Reply
  14. John Decker

    I’m in the process of making oak molding for my home. The molder makes mountains of chips- 7 30gal. garbage cans full. Rather than throw it out, I checked around the neighborhood and found a house with a chicken coop. I knocked and was surprised to hear Spanish being spoken. They’re immigrants from Colombia working on citizenship, and were very happy to get free bedding for the chickens. So, before you toss it, look around for someone keeping livestock. They’ll be happy to take it.

    Reply
  15. Tim Hackler

    I have a friend who fires pottery in the raku method by taking the piece from the kiln and setting it on combustible material to create amazing designs. She is more than happy to take my sawdust and planer chips, and I am more than happy to give it away!

    Reply
  16. Charlie

    In regards to upcycling sawdust. All I do is collect the paper roll tubes and use the used paper towels from the shop. Fill the tubes with shavings block the ends with the paper towels and you have a little log. No extra expense involved.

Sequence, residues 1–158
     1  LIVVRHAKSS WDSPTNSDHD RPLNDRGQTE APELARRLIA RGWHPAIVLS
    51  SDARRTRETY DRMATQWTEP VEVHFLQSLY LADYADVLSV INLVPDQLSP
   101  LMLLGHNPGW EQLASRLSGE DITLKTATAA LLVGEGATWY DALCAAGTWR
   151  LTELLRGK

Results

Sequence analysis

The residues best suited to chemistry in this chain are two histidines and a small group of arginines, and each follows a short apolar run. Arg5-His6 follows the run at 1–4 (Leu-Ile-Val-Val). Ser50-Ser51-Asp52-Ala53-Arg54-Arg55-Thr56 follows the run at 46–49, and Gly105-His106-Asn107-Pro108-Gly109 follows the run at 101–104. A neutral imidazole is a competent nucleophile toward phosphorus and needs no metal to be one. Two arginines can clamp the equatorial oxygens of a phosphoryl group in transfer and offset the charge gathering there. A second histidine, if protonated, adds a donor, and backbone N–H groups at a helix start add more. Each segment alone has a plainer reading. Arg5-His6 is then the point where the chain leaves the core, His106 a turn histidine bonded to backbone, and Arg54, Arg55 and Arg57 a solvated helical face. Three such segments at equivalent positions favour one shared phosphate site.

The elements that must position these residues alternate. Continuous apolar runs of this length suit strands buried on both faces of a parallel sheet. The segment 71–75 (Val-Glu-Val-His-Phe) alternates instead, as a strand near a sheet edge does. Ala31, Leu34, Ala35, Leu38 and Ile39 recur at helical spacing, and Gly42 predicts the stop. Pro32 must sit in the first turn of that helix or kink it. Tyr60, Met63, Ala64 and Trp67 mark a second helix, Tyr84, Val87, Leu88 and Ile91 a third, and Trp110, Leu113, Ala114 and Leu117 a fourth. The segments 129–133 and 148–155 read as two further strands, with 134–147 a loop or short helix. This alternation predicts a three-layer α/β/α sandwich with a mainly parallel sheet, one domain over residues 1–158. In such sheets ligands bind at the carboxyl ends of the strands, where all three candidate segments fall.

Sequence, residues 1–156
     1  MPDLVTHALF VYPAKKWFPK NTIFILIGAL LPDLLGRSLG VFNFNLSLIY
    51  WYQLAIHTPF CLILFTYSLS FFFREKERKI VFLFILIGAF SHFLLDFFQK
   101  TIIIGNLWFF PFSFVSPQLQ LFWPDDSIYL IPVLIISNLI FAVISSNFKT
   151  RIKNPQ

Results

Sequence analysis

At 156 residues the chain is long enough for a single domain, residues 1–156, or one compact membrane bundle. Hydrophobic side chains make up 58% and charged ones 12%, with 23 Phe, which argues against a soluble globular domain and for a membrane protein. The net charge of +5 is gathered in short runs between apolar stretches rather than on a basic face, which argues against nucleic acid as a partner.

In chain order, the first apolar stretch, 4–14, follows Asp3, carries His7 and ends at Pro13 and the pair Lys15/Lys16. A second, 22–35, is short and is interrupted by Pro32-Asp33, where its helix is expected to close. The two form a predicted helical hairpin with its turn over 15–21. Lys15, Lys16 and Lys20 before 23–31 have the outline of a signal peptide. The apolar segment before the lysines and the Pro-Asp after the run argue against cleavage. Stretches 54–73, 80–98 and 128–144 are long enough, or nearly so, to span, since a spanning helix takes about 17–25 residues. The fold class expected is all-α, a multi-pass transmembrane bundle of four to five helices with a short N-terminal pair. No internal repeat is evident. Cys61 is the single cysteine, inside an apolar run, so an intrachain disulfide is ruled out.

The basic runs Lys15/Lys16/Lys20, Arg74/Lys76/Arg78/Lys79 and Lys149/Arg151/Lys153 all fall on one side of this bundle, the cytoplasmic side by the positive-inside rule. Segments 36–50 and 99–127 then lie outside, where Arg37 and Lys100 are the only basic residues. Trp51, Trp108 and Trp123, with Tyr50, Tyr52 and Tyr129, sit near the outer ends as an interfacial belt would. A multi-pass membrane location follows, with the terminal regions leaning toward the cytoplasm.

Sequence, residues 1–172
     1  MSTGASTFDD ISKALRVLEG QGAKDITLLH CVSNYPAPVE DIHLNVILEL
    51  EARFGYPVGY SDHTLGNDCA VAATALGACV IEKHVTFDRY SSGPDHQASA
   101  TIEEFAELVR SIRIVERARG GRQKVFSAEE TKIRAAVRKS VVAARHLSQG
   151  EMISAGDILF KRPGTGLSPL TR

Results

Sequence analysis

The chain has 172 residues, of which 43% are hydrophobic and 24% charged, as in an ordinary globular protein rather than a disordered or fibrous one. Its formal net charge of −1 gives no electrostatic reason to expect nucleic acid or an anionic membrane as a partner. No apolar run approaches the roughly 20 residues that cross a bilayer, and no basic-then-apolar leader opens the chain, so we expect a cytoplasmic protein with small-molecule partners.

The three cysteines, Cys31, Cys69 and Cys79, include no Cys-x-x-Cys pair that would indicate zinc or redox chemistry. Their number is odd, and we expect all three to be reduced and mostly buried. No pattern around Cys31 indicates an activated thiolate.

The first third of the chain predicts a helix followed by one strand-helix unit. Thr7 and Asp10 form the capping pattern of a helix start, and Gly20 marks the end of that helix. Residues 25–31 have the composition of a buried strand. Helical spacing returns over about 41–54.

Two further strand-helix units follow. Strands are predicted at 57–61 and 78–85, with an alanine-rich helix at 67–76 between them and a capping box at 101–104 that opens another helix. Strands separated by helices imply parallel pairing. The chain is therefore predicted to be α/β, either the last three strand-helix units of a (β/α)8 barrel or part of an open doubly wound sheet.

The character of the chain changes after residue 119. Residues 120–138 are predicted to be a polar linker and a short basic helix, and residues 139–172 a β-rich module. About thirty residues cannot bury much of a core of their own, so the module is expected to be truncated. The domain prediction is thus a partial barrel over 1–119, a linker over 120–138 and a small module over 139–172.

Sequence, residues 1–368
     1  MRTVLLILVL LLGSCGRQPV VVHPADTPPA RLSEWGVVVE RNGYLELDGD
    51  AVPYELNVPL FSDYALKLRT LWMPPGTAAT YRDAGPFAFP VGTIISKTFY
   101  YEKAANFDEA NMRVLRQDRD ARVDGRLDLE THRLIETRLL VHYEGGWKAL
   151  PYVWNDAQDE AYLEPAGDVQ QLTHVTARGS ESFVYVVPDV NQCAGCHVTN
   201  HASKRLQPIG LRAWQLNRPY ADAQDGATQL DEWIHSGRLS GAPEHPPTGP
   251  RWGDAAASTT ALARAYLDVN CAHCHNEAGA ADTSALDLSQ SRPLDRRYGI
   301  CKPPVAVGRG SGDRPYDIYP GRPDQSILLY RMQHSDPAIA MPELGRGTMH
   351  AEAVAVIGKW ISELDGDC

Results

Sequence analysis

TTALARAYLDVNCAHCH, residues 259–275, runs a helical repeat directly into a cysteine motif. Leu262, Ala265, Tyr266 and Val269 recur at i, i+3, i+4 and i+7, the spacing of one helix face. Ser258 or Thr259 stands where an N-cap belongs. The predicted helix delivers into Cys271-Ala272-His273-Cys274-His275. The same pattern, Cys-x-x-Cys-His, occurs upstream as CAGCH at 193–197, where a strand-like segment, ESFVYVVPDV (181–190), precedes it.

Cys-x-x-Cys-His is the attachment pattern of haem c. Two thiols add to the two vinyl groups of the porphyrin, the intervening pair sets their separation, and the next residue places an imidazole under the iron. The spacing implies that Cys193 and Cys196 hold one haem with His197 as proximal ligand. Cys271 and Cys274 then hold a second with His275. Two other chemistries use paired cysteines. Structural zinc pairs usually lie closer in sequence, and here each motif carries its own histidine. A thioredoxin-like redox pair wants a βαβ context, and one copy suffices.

Reply
  17. Barney Beard

    After dumping my bucket of kitchen scraps into the outside compost bin, I add a layer of cedar saw dust to the bottom. I also add wood stove ash to the compost bin.

    Reply
  18. Rod Peterson

    Add to resin. in small amounts it makes cool depth to counter top. Add to wax when making candles. make your sawdust into a fine powder when adding. the smell of cedar and fir are my favorites.

    Reply
    • Customer Service

      Hi Robert. English walnut contains the same weed prevention chemical as black walnut, called juglone, but it has it in lower concentrations. So it has the potential to work, but you might not have the same level of effectiveness as with black walnut. Worth a try.